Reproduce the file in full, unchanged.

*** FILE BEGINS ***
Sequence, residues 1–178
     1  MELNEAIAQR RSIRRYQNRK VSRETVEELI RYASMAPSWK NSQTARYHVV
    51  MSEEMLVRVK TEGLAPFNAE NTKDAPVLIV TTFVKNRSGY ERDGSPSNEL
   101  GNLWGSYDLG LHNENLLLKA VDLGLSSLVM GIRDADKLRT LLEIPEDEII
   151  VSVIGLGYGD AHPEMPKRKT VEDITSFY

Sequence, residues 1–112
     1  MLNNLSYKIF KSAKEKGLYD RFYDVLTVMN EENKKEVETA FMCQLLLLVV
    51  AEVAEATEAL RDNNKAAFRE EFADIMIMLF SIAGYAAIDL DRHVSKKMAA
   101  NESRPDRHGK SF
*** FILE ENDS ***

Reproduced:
Sequence, residues 1–178
     1  MELNEAIAQR RSIRRYQNRK VSRETVEELI RYASMAPSWK NSQTARYHVV
    51  MSEEMLVRVK TEGLAPFNAE NTKDAPVLIV TTFVKNRSGY ERDGSPSNEL
   101  GNLWGSYDLG LHNENLLLKA VDLGLSSLVM GIRDADKLRT LLEIPEDEII
   151  VSVIGLGYGD AHPEMPKRKT VEDITSFY

Sequence, residues 1–112
     1  MLNNLSYKIF KSAKEKGLYD RFYDVLTVMN EENKKEVETA FMCQLLLLVV
    51  AEVAEATEAL RDNNKAAFRE EFADIMIMLF SIAGYAAIDL DRHVSKKMAA
   101  NESRPDRHGK SF